Over the last 20 years, the kitchen has taken center stage in the home, pushing away the walls between dining spaces, living rooms and even the garden to create amazing open spaces for family and entertaining. We all picture ourselves in these open hubs, chatting to friends while we quickly pull together a meal which would make Jamie Oliver proud. Today, kitchens have gone beyond functional to aspirational, creating a very lucrative industry to help people achieve these dreams.
The kitchen didn’t start this way and its history is fascinating as it has been an ever-evolving space in the house. Originally housed in outbuildings to lower the fire risk to the great house, the kitchen at Hampton Courts Palace boasted 6 fires. Here, 200 people provided King Henry VIII’s court with 600 meals twice a day. Things become more refined through the centuries and the kitchen was brought into the home where it was housed below stairs, which created a thriving work room where servants busily took care of their daily chores to keep their employers well catered and cared for.
The kitchen form we recognise today started with the invention of the first fitted kitchen in 1926. It was designed by the truly inspirational Margarete Schütte-Lihotzky (above left), who was the first woman to be allowed to study architecture in Austria. If that wasn’t achievement enough, she created The Frankfurt Kitchen (above right). Frankfurt Kitchens were installed in a mass apartment complex called The Frankfurt Project, which was built to house working class families in (you guess it!) Frankfurt, Germany. The design was based on a railroad dining car and they christened it “The Housewife’s Laboratory”. It was created to offer the best modern conveniences a woman could wish for and was neatly packaged in a confined space. The original design wouldn’t look out of place in a modern flat.
I love designing kitchens and the challenge that comes with it of uniting functional design with beautiful design. You need both of these elements to create a visually stunning space that is also a joy to work in, and, as anyone who has worked in a poorly designed kitchen knows, one without the other is an unsatisfying experience. So how do you achieve this seamless marriage of form and function?
First and foremost, a kitchen is a working space. While most kitchen companies start by asking you about the look you want to achieve, I suggest you always start a kitchen design by considering how you function when preparing and cooking meals. Ask yourself what you need immediately to hand when cooking and take into account any other activities– like homework– that may go on in the space. Zone things together by function, like putting the dishwasher near the sink and plate storage, as it saves time when doing things and gives the kitchen a great working flow. No matter how beautiful your cupboards are, if you don’t get the functionality right, your kitchen will always be an awful space to cook in.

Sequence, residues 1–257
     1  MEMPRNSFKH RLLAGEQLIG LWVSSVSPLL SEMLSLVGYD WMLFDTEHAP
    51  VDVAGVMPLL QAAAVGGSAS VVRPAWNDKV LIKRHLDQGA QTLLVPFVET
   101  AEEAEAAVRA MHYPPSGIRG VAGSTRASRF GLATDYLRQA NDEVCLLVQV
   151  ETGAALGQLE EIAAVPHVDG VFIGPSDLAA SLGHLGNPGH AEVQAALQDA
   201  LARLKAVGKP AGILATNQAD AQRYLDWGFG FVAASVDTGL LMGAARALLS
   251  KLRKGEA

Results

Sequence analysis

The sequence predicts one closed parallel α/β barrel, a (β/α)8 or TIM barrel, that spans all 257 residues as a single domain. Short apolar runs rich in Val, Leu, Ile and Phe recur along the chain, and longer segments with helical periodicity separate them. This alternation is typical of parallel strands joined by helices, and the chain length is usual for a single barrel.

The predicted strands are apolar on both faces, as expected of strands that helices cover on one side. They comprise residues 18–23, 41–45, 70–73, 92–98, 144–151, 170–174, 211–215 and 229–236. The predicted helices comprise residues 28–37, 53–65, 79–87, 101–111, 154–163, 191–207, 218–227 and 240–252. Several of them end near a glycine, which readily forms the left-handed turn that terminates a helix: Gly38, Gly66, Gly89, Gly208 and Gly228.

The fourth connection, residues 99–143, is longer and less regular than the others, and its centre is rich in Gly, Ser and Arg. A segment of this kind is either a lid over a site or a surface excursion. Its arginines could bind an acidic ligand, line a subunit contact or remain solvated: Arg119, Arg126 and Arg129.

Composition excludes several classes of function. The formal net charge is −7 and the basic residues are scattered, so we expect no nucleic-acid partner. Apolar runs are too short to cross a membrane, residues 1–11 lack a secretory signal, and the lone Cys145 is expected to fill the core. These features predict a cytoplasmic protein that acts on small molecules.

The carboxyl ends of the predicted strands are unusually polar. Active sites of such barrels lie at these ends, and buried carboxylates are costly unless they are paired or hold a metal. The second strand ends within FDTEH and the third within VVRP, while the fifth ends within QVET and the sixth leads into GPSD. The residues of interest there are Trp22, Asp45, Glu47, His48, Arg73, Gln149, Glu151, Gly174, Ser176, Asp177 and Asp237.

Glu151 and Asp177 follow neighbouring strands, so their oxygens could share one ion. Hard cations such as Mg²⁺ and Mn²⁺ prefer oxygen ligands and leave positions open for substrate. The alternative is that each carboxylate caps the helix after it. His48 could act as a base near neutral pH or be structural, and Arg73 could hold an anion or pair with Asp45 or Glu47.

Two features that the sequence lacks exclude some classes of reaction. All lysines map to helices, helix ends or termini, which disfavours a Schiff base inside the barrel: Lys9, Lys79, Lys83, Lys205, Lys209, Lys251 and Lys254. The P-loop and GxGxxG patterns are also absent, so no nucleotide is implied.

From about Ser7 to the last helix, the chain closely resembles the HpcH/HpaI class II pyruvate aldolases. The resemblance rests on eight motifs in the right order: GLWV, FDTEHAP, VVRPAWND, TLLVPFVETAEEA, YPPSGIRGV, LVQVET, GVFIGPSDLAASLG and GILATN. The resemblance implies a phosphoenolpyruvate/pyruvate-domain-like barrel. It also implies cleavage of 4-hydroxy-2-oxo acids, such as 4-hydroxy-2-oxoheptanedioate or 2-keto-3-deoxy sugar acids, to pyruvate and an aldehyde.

You don’t need to have a huge kitchen to feel the benefits of great design. For instance, you can have a highly functional kitchen in a small space by using a clever layout and nifty cupboard inserts, like magic corner baskets and pull out larders to prevent the cinnamon from being lost at the back of the cupboard forever. To keep a slick uncluttered look, integrate your appliances into the design and include your microwave in the cabinetry to free up much needed work surface. You can see an example of integrated kitchen appliances above, which we designed for a home in North London.
The two most desired kitchen items at the moment are the larder and the boiling water tap, which means no more waiting for the kettle to boil, which allows you to save on electricity, water consumption and– most importantly– time. Both the larder and the boiling water tap are genius and on my wish list.
If you’ve ever worked in a poorly lit kitchen, you’ll know that lighting and electrics are key. The kitchen is a working space, so it is vital to have good task lighting, but the kitchen is also a family space and sometimes a fun party space, so having the flexibility to create mood lighting is very important. Speaking of electrics, here’s a small tip: You can never have enough double sockets. From kettles to blenders and your phone charger, we have a lot of small electrical items that we use in kitchens, so make sure you have sockets to spare!
The aesthetics of a kitchen are very individual. You might prefer a high-gloss modern kitchen, a classic shaker kitchen, or rustic country kitchen. When deciding a kitchen’s aesthetic, it’s always important to look at what’s happening with emerging trends and to keep in mind that kitchens are a long-term investment, so you don’t want them to date quickly. Personally, I love bold floor tiles with simple sleek units and choose classic tile designs that will stand the test of time aesthetically and with wear-and-tear.
Kitchens will continue to evolve far beyond “The Housewife’s Laboratory” of 1926 and right now they are standing centre stage in our homes and our lives. They are a place for women, men, and children to congregate, work, and have fun. Fun– I think that’s the most important word when it comes to kitchen design. When designing your kitchen, have fun with it so when it’s finished, you will have fun using it!
If you’re planning a kitchen renovation of your own and are looking for a designer to plan and design your space, please don’t hesitate to reach out. Happy cooking!